If you do a short sale on a house in foreclosure and the bank is not paid all the money, you get a 1099 C. You also get a 1099 C if there is a balance left on the mortgage after your property forecloses or sells in a short sale.
Reporting forgiveness of debt on the IRS 1099 C is a requirement for creditors that settle or write off over $600. For example, if you settle your $10,000 debt for $3,000 you get a 1099 C for $7,000 and a tax bill of about $2,000 – $3,000. If you don’t declare this income you also get non-reporting and negligence penalties.
There are two exceptions to the 1099 C forgiveness of debt. The first is you are insolvent when the debt is written off (bankrupt). The second is you file bankruptcy before the debt is written off and the 1099 C is issued, there is also no income to declare. If you file bankruptcy after the 1099 C is issued you still have to declare that as income.
There is a third exception for real estate. This is the Mortgage Forgiveness Act of 2007. It applies to the homeowners of residential real estate only who wrote the debt off from 2007 to 2012.
2. Debt management is difficult to complete.
For one thing, people rarely complete credit counseling. Often, half or more of the money paid is kept by the debt agency. In Chapter 13, if you make most of your payments and can’t finish, you may get a hardship discharge. But if you don’t make all the credit counseling payments you still owe the debts.
Most people find themselves unable to finish credit counseling plan payments. All it does is trash their credit and waste their time. With credit counseling agency plans you must complete all of the payments … on time or their plans fail. But, by planning and filing bankruptcy, you can convert Chapter 13 to Chapter 7 if Chapter 13 doesn’t work.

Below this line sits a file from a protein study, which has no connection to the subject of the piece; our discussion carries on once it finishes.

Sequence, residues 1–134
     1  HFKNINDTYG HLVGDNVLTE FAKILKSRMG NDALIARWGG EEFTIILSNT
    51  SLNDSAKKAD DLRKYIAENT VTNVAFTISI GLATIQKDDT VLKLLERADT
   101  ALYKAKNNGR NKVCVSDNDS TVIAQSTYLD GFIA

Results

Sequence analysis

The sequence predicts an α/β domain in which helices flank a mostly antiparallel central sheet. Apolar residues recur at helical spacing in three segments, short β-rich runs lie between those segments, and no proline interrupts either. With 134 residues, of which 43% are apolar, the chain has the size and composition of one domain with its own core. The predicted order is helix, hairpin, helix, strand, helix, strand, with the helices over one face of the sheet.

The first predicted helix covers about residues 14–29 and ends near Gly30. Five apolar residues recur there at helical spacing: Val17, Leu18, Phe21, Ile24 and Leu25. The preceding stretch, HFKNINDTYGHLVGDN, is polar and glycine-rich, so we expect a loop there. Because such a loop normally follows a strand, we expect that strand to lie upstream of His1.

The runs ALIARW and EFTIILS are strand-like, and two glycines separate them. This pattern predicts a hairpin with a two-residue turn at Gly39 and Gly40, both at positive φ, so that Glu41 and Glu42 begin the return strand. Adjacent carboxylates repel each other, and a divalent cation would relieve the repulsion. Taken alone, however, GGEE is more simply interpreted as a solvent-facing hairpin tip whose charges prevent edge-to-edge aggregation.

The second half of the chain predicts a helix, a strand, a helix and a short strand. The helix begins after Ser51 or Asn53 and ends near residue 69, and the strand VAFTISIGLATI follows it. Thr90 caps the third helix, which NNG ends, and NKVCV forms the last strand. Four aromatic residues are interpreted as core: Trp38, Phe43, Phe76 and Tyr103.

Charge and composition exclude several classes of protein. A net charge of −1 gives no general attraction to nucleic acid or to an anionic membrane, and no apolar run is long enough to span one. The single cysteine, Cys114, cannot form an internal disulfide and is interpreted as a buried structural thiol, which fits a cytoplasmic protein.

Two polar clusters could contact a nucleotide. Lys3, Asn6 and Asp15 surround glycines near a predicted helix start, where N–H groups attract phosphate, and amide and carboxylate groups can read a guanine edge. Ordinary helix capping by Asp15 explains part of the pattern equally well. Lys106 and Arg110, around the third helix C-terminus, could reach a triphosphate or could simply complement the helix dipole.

3. Debt management has no power over creditors whatsoever.
Although credit counseling agencies promise that they can force credit card companies to settle accounts for pennies on the dollar, it is simply untrue. Rather, in some states, credit card companies accept credit counseling payments and still sue for the complete amount later. That’s because these states have no accord and satisfaction rules.
Conversely, only the bankruptcy court can force banks to take pennies on the dollar and many bankruptcy plans offer 10% or less on the dollar. Credit counseling agencies and debt management plans simply cannot do that.
4. Debt management is often a fly-by-night scam.
Some credit counseling agencies take payments from customers and then file bankruptcy themselves (see the 2004 story on Ameridebt and the FTC investigation of the industry on the FTC website.) What the credit counseling agencies do is pay themselves from what you pay them before they pay your creditors! Credit counseling agencies often take up to 50% of what you pay them as a “fee”. This leaves thousands of people still in debt and with their money gone.
Credit counselors often advise people that by paying 50% of what you owe that you can “repair your credit record.” However, if you partially repay your debts your credit will be just as bad as if you file bankruptcy. Both credit counseling plans and bankruptcy are rated as an I-9 unpaid charge off on your credit file.
If you are thinking about filing bankruptcy, don’t delay because timing is crucial. I am here to help you. So, contact my office right away to start the conversation. Nick C. Thompson, Bankruptcy Lawyer: 502-625-0905.